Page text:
A top White House official has said despite the tough phase, Washington has been able to "sustain" its relationship with Islamabad. He said the US "needs" Islamabad on the table as it discusses the future of the region.
The official told a group of journalists on condition of anonymity that India and Pakistan have taken "constructive" steps to improve bilateral ties and the US, though not directly involved in brokering the process, is "incredibly" supportive of any efforts by them to expand their relations.
"We are incredibly supportive of any efforts the Indians and Pakistanis take to engage in dialogue to expand their relations," the official said.
The comments came in response to a question about the recent efforts of India and Pakistan to improve their relationship, especially in the business and economic field.
"We think that both sides have taken constructive steps in that direction," the official, a confidant of US President Barack Obama, told a small group of journalists on condition of anonymity.
In the first 100 days of coming to power, President Obama  had expressed his desire to use diplomatic tools to improve relationship between India and Pakistan.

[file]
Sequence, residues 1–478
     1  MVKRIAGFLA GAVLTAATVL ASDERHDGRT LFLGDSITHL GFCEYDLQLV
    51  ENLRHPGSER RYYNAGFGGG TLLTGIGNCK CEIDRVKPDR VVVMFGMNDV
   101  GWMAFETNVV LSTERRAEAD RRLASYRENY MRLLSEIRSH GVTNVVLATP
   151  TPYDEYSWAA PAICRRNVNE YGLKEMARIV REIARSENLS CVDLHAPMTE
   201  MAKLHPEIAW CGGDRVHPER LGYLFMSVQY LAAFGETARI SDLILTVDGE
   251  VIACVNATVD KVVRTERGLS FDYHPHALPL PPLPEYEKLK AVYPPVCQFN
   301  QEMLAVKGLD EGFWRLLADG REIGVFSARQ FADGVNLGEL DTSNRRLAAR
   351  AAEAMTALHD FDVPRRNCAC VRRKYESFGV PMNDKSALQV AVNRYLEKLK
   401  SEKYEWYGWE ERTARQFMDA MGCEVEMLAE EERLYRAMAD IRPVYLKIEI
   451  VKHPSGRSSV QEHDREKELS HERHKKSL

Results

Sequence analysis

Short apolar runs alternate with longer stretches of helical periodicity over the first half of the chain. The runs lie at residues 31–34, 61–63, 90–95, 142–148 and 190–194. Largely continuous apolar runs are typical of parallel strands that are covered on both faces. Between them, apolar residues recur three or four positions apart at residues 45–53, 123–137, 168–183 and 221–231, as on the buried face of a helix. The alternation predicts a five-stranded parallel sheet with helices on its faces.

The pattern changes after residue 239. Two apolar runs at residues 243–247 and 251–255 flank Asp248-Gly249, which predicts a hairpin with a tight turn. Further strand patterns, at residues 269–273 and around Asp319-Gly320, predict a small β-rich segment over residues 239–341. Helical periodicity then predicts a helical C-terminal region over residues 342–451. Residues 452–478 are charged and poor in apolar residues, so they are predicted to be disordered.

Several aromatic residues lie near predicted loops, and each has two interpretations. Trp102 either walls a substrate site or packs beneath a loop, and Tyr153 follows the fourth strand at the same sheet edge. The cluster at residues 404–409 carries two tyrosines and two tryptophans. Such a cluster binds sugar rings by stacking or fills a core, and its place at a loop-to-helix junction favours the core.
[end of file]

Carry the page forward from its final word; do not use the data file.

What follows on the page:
Nearly three years later, Obama administration officials expressed satisfaction over the steps being initiated by Indian and Pakistani leaders.
Indian External affairs minister S M Krishna said in Singapore yesterday that he would be travelling to Pakistan this summer. Last month, commerce minister Anand Sharma visited Pakistan.
The two countries have taken specific measures to improve trade and business relationship, which has also improved the political atmosphere between them, US officials feel.
"They have the full support of the United States. And we are not going to be able to be the ones to come in and broker, broker some type of agreement, given the longstanding issues at hand," the White House official said.
"But what we will do is express to both sides our strong support for those types of dialogue, and the steps that they are taking on the commercial and investment side. And we very much support seeing that go forward," the official told a small group of journalist.
"We frankly believe it is in the interest of both countries, both India and Pakistan have an interest in improved ties. And so does the United States," which has a very significant interest in seeing better relations between them, the official said, endorsing the two countries' move to improve their relationship.